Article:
Boxsters provide a comfortable driving position for nearly everyone, thanks to an adjustable steering wheel and generous seat adjustment. It’s swiftly apparent the chassis and steering are so good that the Boxster can seem underpowered, especially the 2.5-litre model. It simply blooms when being driven at the upper and outer edges of its performance envelope, easily making you laugh out loud. The fantastic noise from behind your ears makes you want to send the tachometer’s needle into the upper ranges again and again, as the flat-six’s wail really comes on song around 5000rpm. The car tackles country lanes with aplomb, its nose responding to even the smallest inputs, the brakes so finely judged that you’ll find yourself left-foot braking in no time. So, a good Boxster drives like a Porsche should. And it feels solid, just like a Porsche should.
BODY AND PAINTWORK
Park on level ground, then start the exterior examination by checking for obvious signs of body damage or accident repairs. Corrosion is easy to spot as the paint will have bubbled and/or cracked. Measure the body panel gaps, particularly around the luggage compartment lids and the doors. If the gaps are even then chances are the body is straight. Major inconsistencies in gaps indicate the car has been poorly repaired.
Check around the combined headlight and indicator assemblies for cracked lenses and stonechip damage.
You also need to grab a torch and peer through the front spoiler to assess the condition of the frontmounted radiators. The excellent aerodynamic design of the Boxster is fantastic at drawing cooling air through the radiators, but the downside is that it also acts as an enormous vacuum cleaner, sucking up anything it can from the road surface. Make sure the radiators are clear of debris, as organic materials will decay and cause corrosion issues.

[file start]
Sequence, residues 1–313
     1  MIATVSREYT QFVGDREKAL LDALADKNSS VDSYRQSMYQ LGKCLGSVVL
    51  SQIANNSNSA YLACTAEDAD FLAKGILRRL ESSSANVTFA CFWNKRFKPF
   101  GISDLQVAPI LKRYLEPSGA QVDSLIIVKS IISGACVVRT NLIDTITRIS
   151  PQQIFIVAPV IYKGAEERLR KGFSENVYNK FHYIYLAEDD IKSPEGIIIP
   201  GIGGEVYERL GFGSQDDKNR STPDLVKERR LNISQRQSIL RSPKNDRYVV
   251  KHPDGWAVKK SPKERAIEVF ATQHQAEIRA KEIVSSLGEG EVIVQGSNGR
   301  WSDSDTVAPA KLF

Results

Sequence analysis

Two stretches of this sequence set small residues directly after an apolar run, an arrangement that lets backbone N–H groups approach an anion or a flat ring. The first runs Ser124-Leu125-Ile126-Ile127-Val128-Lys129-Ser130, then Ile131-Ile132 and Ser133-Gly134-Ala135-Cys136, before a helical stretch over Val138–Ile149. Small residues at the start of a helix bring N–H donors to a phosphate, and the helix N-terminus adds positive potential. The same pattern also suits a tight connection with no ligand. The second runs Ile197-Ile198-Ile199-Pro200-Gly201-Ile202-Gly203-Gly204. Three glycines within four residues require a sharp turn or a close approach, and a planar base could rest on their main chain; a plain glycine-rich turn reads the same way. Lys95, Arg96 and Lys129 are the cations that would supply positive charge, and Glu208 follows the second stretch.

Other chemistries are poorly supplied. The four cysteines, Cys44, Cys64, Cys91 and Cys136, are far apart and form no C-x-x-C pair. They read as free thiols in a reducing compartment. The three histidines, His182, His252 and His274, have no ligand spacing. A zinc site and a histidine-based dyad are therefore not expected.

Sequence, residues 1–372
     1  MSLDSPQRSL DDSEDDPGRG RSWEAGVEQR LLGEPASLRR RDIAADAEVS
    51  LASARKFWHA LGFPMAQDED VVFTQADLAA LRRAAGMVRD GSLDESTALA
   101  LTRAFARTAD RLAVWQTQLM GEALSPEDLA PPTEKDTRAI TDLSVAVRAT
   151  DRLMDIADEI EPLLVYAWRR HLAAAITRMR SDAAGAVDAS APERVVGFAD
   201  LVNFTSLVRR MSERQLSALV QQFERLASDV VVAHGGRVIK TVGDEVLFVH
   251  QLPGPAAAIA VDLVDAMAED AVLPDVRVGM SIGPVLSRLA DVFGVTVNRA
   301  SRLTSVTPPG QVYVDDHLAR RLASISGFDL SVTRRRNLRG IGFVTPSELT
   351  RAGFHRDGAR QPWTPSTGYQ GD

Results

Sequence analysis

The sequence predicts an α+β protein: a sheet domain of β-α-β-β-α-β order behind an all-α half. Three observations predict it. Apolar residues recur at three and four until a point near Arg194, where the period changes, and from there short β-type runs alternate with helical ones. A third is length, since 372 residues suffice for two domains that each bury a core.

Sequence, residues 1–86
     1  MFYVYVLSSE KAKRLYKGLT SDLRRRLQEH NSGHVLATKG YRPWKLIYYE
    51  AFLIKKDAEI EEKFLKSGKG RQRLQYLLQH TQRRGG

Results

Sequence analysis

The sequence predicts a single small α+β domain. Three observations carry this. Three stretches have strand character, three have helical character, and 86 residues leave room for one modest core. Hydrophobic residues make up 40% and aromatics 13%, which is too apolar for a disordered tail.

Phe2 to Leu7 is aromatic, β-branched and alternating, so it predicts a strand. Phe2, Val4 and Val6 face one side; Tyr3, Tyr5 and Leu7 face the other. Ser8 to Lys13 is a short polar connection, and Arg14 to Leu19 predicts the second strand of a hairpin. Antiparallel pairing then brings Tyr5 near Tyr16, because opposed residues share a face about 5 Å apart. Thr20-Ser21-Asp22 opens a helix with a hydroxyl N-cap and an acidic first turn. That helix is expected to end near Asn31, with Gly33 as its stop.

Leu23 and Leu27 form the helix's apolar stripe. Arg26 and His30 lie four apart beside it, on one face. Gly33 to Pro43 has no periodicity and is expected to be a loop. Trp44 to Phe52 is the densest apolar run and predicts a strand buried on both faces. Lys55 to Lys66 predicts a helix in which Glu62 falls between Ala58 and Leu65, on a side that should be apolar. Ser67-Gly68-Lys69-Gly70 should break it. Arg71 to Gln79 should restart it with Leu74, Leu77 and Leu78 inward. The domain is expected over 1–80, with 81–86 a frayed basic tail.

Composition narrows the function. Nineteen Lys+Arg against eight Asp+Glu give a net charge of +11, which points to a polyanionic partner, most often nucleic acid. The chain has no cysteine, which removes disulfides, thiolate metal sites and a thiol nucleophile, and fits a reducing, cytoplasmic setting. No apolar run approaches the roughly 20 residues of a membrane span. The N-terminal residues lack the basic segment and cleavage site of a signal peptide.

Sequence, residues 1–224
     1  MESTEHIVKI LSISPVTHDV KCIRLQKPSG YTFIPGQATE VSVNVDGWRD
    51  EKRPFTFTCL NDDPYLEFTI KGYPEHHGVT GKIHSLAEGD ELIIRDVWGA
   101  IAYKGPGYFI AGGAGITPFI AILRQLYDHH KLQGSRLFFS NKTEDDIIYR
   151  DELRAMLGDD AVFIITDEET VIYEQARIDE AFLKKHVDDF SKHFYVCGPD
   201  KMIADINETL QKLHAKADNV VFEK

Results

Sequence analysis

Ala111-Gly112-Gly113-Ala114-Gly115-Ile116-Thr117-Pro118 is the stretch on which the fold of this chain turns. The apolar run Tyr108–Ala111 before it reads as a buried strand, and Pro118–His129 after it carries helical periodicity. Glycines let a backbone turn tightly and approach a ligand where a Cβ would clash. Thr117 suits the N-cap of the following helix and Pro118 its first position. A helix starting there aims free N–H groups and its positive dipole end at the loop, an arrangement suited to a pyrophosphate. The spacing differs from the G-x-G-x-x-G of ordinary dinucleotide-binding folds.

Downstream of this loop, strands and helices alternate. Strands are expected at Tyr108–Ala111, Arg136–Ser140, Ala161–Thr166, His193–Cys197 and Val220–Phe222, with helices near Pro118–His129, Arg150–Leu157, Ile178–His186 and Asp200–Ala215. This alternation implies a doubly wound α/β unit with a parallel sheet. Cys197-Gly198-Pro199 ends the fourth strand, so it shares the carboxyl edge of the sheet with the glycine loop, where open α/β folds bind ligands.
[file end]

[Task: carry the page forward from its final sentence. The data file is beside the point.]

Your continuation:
Check the brake discs (rotors), calipers and pads. Pad friction material must be greater than 2mm, and the discs must be free from damage or surface rust. Look for evidence of fluid leakage over any components in the wheel wells, including at the rear of each wheel.
Remove the battery cover in the centre of the front luggage section and inspect the battery for condition and evidence of acid spill and/or corrosion. Examine the compartment’s panelled areas for moisture damage and staining – if everything is clean, what lies beneath is probably in decent nick.
Accessing the engine is complicated, but once you’ve removed the top cover it’s possible to carry out a basic inspection of the top of the engine. Look for obvious signs of oil, coolant and power steering fluid leakage.
Access to the engine-driven belt and some accessories is through a separate panel, located from inside the rear section of the cabin. A known Boxster issue is failure of the engine’s rear main seal – a giveaway sign being when oil begins weeping from it.
Owners usually keep an eye on the oil level and get a new RMS fitted when the car is having a clutch change or service, but if you’re viewing a car with a weeping seal, factor this into your thinking when haggling on price.
It’s also possible to check the level and colour of both oil and coolant via the overflow/filling container in the rear luggage area. If the proper coolant/anti-freeze mixture hasn’t been maintained, the coolant will be a muddy brown colour – contaminated coolant in itself is a reason to walk away.
Inspect all interior fittings and assemblies, including assessing the condition of both seats, ensuring none of the trim is cracked, torn, faded or missing. Check all electric seat functions are working correctly, especially seat heating (if installed).
A cracked dashboard is extremely expensive to repair. Run the electric windows up and down, firstly to ensure they work as intended, but also to see if there’s any moisture trapped in the door.